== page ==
Photo by Brian Moody
In 2003 film-maker Mark Henderson was trekking in the Colombian jungle with a group of foreign tourists when he was taken hostage by the Ejército de Liberación Nacional (ELN). Mark, along with four Israelis, were held for a total of 101 days. Six years after his release he returned to Colombia to meet one of his captors, Antonio, to make a documentary.
At 4.30 a.m a group of armed men burst into our hut in the Lost City and took us hostage. For the first few days it didn’t really sink in. It was more like an adventure film than reality because that was my only reference point. I’d never met guys in camouflage carrying ak47s before. I kept thinking, this is an incredible story and I’ll be home soon to tell it. But then it slowly dawned on me that the guerillas’ promises of a quick release were not going to happen. The worst of it was the helplessness of not knowing if we would ever see our families again.
Our captors didn’t actually beat us but they were cruel and would hold guns to our heads threatening to shoot us. I’d do anything I could to ingratiate myself with them. You want them to like you – you don’t want to be the one who they shoot. My collaboration was the exact opposite to how the Israelis reacted – they would fight with the guerillas the whole time. Although I had moments of deep, dark despair, I always believed I’d get out. I also felt a lot better once I realised the ELN’s motives were political rather than financial. I latched on to that. If they were fighting for injustice then our ordeal was not totally futile.
When you are rescued from a hostage situation, you’re on an incredible high but five months after our release, when I started to write a book and relive every detail, it all came rushing back and I started having night terrors and feeling panicky during the day. I went from feeling totally invisible to suddenly feeling very fragile. I wondered what on earth was going on until luckily I met a psychologist, an expert in hostage taking, who told me I had a form of Post Traumatic Stress Disorder (PTSD). As soon as she gave it a label, I realised I wasn’t going mad and started to move on.
A month or so after that I had dinner in London with the Colombian priest who had negotiated our release. At the end of dinner he said ‘there’s someone from the mountains who wants to get in touch with you.’ I knew it must be Antonio – the only one of our captors who had showed a spark of humanity. I was intrigued, and handed over my email address.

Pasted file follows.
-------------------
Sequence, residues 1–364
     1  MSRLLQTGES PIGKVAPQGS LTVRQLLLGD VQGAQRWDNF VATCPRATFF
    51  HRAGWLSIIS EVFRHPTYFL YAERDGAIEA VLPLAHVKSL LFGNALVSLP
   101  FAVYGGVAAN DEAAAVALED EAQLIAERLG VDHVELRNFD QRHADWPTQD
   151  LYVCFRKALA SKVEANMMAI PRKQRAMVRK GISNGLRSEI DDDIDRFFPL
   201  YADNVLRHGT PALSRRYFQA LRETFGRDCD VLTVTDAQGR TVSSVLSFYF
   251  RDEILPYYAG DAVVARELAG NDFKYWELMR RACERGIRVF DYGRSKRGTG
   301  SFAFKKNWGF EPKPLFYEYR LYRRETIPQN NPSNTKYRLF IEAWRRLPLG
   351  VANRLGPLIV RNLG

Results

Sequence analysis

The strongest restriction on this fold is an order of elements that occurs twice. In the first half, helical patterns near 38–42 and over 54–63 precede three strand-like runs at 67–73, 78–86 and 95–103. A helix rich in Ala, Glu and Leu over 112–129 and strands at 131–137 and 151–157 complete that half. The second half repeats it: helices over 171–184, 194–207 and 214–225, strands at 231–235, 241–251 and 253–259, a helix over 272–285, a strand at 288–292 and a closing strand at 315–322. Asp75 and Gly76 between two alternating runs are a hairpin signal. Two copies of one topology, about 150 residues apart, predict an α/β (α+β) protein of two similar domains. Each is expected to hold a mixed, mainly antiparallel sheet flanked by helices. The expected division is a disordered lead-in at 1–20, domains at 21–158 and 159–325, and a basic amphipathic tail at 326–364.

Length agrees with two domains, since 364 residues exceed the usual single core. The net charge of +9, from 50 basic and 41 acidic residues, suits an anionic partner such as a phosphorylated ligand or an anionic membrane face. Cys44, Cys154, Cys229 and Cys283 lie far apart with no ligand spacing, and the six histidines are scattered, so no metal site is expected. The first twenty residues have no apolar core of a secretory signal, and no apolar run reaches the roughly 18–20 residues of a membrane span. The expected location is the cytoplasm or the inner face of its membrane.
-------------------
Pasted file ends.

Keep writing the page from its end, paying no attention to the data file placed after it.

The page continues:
And so Antonio and I began to write back and forth. But in the emails he would never talk directly about the kidnapping and because I was so eager to get answers from him, eventually I had the idea of going back to Colombia to meet him and make a documentary. Three of the other hostages jumped at the opportunity to join me.
Accompanied by an army escort, we went back to the place where we’d first been taken hostage. We also met some of the women who we had supposedly been held in order to draw attention to the violation of their human rights. Most of their husbands had been killed and they told us they felt they were caught in a battle between the guerillas and the paramilitaries that they didn’t want to be involved in. They had nothing except for their stories and their stories were horrific.
As Reini and I were amassing more and more information with which to confront Antonio, we wondered how we would greet him – but when we finally met up with him we automatically hugged. In a way it was like meeting an old friend.
The interview started in the evening and lasted seven hours. We kept saying to him ‘you can go home now, we’ll finish in the morning,’ but he wanted to continue. The action of Antonio staying and inviting us to ask him any question we liked was as if he was saying ‘the roles are reversed now. You’re in charge.’ It was as if he was giving something back.
Then, quite un-prompted, he apologised. It came half way through an answer. He suddenly said ‘I want to say something – I want to say I’m sorry for what happened to you.’ He said there was no justification for what they’d done. He stumbled over the words. But for us his apology wasn’t the most important thing. We needed him to really understand what we’d been through and what our families had been through. As hostages we had always got the impression that the guards didn’t care how we felt – we were collateral damage , pawns in their war. Now, returning to Colombia, and hearing Antonio say sorry, and that he regretted what they’d done, was very healing indeed.